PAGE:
Appeals Board Approves Bay Ridge Giant Gas Station

Contentious proposal receives approval from the Annapolis Board of Appeals, ending more than six months of debate.

The Annapolis Board of Zoning Appeals Wednesday night green lit a Giant gas station in the Bay Forest shopping center, concluding a series of meetings on the contentious issue.

Board members ended months of debate and discussion by approving a permit that will allow Stop and Storage Supermarket Company LLC, Giant’s parent company, to build a service station next to the Wachovia Bank in the shopping center.

The gas station will allow Giant shoppers to redeem points at the pump for a discount on their gas. But some local residents said they fear this will give the Giant gas station an unfair advantage over the several other gas stations in the area and create an additional traffic burden on the already congested region.

Board member James Gregory said he had heard their concerns, but did not believe they were well-founded. Gregory said locating a gas station within the shopping center would actually decrease traffic, because those who use the pumps are already there to shop at the Giant.

Decreasing the number of trips is the essence of smart growth, Gregory said.

“I think a lot of the arguments being made are actually counter to what will be the end result,” he said. “I understand why they’re upset, but I just don’t agree with their arguments.”

No public comments were taken at Wednesday's meeting, as it was a continuation of a public hearing in April that was postponed due to lack of a quorum. But after the meeting, David Iams, vice president of the Board of Directors for Fairwinds Condominiums, said he believed the city officials had ignored their constituents.

“The city wants to make money, but they’ve got business blinders on,” Iams said. “They’re taking money from the small guys and giving it to big business, at the same time creating a safety hazard for the people they represent.”

Iams said the traffic studies conducted exhibited a “glaring lack of due diligence and adequate study,” and did not examine how a discount-based gas station would affect Georgetown Road, which feeds into the shopping center.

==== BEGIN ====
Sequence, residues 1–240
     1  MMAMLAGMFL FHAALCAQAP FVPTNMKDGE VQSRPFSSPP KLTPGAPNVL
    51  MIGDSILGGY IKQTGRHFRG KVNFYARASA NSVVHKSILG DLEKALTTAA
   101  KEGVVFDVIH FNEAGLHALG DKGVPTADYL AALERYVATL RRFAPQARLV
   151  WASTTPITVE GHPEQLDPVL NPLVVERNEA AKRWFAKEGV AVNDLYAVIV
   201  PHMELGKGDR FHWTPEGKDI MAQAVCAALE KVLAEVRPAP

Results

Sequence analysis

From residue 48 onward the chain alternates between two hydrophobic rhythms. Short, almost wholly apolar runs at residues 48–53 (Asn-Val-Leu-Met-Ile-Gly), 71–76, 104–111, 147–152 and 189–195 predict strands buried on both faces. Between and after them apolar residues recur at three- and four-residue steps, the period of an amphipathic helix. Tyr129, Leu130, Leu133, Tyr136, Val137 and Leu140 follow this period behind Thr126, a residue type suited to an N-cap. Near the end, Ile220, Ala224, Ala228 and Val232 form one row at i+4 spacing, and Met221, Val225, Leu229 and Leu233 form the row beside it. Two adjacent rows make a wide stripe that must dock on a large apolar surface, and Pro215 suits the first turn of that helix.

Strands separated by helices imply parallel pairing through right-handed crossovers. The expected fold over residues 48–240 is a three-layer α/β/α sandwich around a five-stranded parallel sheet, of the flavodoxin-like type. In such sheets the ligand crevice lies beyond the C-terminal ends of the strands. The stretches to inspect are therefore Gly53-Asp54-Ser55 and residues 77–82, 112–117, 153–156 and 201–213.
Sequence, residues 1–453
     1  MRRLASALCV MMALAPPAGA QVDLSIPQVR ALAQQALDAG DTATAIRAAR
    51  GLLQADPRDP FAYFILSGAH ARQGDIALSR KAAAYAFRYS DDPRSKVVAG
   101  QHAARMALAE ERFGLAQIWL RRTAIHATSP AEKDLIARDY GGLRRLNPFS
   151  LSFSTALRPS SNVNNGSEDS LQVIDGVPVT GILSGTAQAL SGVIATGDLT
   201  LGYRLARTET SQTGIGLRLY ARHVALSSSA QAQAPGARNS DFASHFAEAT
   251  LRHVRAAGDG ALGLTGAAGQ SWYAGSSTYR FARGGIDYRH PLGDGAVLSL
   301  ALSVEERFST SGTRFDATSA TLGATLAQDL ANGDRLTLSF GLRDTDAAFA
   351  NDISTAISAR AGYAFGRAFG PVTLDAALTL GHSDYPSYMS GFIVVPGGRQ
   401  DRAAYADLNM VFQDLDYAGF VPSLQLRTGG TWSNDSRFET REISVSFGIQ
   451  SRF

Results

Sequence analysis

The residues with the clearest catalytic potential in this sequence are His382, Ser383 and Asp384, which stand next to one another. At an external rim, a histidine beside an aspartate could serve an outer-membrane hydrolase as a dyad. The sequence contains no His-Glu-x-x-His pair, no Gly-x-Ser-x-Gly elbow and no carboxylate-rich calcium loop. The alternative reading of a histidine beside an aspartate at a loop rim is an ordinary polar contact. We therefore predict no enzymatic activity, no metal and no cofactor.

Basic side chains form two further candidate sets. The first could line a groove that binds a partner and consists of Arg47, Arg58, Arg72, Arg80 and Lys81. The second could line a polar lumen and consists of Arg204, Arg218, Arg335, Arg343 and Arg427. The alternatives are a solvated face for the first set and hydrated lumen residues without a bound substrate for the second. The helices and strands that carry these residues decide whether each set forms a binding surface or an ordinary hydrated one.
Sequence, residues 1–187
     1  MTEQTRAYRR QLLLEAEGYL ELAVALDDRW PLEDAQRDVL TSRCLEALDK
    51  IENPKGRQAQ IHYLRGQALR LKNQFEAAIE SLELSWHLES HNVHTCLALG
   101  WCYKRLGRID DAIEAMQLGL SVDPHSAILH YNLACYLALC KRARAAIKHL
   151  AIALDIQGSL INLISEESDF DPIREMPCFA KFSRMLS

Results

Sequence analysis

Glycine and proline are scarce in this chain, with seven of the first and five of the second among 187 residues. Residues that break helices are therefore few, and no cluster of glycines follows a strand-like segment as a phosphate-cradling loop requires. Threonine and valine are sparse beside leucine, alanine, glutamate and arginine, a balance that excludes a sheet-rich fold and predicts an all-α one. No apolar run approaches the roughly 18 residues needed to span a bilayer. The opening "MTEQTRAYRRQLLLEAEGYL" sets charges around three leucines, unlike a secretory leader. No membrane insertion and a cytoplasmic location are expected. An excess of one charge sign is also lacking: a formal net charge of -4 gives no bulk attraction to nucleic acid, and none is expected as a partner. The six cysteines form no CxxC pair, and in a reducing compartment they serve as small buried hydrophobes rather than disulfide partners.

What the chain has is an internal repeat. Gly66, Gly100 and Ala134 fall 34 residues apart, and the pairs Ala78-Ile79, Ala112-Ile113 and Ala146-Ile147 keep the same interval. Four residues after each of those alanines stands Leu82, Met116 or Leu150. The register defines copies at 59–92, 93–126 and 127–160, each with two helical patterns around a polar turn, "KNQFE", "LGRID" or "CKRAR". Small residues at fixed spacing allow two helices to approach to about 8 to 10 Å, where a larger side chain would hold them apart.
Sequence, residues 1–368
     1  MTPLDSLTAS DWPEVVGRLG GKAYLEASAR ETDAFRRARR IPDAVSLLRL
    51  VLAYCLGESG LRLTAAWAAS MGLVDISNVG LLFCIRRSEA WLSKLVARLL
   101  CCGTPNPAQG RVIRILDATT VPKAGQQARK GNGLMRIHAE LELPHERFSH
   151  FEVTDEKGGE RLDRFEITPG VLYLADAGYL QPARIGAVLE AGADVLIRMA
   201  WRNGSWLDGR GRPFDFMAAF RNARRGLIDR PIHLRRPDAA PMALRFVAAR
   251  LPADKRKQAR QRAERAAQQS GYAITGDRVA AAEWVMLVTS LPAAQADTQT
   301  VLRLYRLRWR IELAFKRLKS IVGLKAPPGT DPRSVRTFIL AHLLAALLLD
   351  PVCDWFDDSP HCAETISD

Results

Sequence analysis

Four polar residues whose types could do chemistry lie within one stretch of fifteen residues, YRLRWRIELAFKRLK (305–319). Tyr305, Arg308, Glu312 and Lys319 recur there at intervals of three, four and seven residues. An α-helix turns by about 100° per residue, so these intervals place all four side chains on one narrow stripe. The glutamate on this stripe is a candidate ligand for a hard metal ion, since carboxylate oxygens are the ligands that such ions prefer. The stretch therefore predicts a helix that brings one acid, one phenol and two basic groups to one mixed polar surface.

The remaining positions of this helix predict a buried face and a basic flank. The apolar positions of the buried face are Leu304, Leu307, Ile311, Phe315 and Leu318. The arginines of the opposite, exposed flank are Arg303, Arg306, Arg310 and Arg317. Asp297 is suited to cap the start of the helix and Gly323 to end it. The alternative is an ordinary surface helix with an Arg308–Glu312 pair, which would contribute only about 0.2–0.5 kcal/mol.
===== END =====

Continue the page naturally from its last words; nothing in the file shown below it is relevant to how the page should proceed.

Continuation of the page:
Chairman of the board, Christian Elkington, said he was initially concerned about the water-runoff potential of putting a gas station on a large parking lot like the one at Bay Forest. But planners had come back with modifications that alleviated his concerns, he said.

The approval Wednesday included 19 such modifications that were added throughout the course of the proposal's trip between various city boards.

“It’s a good plan," Elkington said. "… They’re going to actually add more than they were originally requested to do. From an environmental standpoint, I can find no down side to them actually planning a giant parking lot.”

Board member Yolanda Yancy cast the lone dissenting vote, saying she felt there were already enough gas stations in the area, citing six within a 3-mile radius of the shopping center.

“These other gas stations would suffer because Giant can issue those (discount points),” Yancy said.

Naushad Ali, the owner of an Exxon gas station about a quarter-mile from the Giant, said he would likely lose his business and possibly even his home as a result of the new gas station.

Ali said the competition in the area was already rough. But with another big contender offering lower prices, it will upset the equilibrium, making it nearly impossible for smaller gas stations to earn a living.

“For me, this is a disaster,” he said.

Iams declined to comment on whether he or other residents opposed to the new gas station would take any further action after Wednesday’s meeting. He said they would review the written decision once it has been issued and decide what to do then.

The Board of Appeals approved the special-exception permit Wednesday by a 2-1 vote with Chairman Christian Elkington and James Gregory voting for, and Yolanda Yancy voting against.

Janet Norman May 19, 2011 at 02:26 PM
Thank you for updating us. Disastrously poor planning by the City. Where the heck were the other 2 Board of Appeals members? A 2-1 vote condemns the rest of us to car dominant hell? I was there at the public hearing, wasting my evening giving testimony on the negative impact of reduced mobility on our small business, who fund the vital programs in our schools. Read the code, this decision does not meet it! [HERE'S THE CITY CODE ON WHEN SPECIAL EXCEPTION CAN BE GRANTED] The recommendation of the Planning Commission and decision by the Board of Appeals must be based upon written findings with respect to the following: A. The establishment, maintenance or operation of the special exception will not be detrimental to or endanger the public health, safety, morals, convenience or general welfare. B. The special exception will not be injurious to the use and enjoyment of other property in the immediate vicinity for the purposes already permitted, or substantially diminish and impair property values within the neighborhood. C. The establishment of the special exception will not impede the normal and orderly development and improvement of the surrounding property for uses permitted in the district. D. Adequate utilities, access roads, drainage and necessary facilities have been or are being provided. E. Adequate measures have been or will be taken to provide ingress and egress designed to minimize traffic congestion in the public streets.


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